The trial of a 92-year-old former member of the SS has begun in Germany over the 1944 murder of a Dutch resistance fighter. Some 70 years after the end of World War Two, the trial is be one of the last of its kind.
Dutch-born German national Siert Bruins appeared in court on Monday in the western German town of Hagen.
He is accused of killing Dutch resistance fighter Aldert Klaas Dijkema in September 1944 while stationed on the Dutch-German border. Dijkema was shot four times in the back shortly after he was captured by Bruins and an accomplice.
Bruins has admitted that as a member of the Waffen SS, the military arm of the Nazi Party, he was present at the time of the murder. He denies the killing, however, accusing his accomplice - who has since died - of pulling the trigger.
The 92-year-old faces a life sentence if convicted.
A court in the Netherlands convicted Bruins in absentia of participating in three shootings, including that of Dijkema, in the immediate aftermath of the Second World War. He was sentenced to death in 1949, a ruling later commuted to life imprisonment.
Bruins avoided serving his sentence having fled to Germany, which does not extradite its own nationals. He had been awarded German citizenship via the Fuehrer's Decree in May 1943, which conferred German nationality on all foreigners who worked for the Nazis.
He did serve a seven-year jail term in Germany in the 1980's, however, after a court convicted him of being an accessory in the murder of two Jewish brothers in the Netherlands in April 1945.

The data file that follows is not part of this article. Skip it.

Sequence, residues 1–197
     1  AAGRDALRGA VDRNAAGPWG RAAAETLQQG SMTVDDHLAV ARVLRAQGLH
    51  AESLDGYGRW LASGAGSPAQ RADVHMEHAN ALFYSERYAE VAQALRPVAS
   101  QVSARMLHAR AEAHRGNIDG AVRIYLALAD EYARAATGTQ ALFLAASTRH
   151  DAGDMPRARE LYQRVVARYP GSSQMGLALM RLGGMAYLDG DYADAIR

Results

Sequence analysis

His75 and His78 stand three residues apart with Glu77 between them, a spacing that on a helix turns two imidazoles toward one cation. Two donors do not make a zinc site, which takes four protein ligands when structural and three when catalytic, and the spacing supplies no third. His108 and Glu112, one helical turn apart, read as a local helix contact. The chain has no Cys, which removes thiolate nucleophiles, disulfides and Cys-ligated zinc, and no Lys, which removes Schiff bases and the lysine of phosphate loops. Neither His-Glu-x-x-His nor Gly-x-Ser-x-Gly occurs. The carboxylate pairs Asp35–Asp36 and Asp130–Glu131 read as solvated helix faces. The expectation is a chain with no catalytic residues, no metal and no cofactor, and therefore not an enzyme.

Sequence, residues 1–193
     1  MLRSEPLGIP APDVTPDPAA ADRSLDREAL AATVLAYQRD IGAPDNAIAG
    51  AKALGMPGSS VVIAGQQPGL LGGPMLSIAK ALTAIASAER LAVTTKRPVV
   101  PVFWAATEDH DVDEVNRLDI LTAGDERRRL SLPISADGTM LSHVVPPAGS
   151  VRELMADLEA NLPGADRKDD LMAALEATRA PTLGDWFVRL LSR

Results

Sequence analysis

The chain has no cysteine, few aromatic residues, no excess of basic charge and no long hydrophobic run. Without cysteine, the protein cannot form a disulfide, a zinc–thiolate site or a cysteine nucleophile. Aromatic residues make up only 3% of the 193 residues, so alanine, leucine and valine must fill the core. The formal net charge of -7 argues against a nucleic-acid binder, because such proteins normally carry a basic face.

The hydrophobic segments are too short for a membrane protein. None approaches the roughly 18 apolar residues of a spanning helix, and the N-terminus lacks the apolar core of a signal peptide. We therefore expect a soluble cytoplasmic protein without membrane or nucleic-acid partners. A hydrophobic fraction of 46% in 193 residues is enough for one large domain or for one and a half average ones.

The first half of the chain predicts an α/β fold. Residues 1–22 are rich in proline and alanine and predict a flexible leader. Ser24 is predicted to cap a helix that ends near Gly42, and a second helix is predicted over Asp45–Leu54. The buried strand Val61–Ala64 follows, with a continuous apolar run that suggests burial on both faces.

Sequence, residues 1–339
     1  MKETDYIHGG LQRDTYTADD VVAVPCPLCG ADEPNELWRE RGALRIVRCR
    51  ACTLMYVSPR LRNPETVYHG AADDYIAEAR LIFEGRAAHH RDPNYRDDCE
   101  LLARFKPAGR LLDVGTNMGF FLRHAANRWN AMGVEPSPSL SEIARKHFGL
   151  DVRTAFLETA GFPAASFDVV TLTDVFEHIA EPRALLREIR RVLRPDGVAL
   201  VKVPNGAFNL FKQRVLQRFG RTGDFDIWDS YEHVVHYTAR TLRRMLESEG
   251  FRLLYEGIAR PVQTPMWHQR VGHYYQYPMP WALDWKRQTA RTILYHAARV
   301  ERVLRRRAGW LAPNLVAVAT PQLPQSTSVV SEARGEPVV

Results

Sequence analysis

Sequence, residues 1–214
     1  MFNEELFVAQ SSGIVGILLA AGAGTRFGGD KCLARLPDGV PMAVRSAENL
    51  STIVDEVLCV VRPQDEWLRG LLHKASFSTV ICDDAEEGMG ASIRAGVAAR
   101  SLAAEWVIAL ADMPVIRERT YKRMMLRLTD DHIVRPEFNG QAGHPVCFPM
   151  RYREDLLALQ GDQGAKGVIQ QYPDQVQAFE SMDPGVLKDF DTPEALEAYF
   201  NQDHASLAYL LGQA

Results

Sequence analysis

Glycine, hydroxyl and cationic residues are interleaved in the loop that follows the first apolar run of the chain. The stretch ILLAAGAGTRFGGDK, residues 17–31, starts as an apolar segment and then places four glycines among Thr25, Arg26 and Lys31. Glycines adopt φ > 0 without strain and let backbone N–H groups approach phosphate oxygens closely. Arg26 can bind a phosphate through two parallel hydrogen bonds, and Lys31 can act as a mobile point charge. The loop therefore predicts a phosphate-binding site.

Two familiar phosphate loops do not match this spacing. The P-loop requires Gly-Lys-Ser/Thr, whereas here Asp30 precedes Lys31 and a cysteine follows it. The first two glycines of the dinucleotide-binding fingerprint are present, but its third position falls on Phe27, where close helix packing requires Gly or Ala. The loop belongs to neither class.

Wartime convictions dwindling
Roughly 13,000 German or Nazi soldiers have been found guilty of war crimes since the Nuremberg Trials in 1945-1946. As one of the last suspected Nazi criminals to be charged by German authorities, Bruins' trial is likely to be among the last.
Another former SS officer Heinrich Boere was sentenced to life in March 2010 for the murder of three Dutch civilians.
An estimated 30,000 Dutch citizens collaborated with the Nazis during their occupation of the Netherlands.
ccp/kms (AFP, dpa)
Porto and Zenit St. Petersburg took a small step closer to the Champions League group stage, with 1-0 away wins respectively at Lille and Standard Liege. Indeed, none of the five hosts in qualifying action managed a win.
The World Cup is a distant memory and the next Bundesliga season is set to begin. But what does Germany's success in Brazil mean for the domestic football scene? And is the Bundesliga ready to compete on the world stage?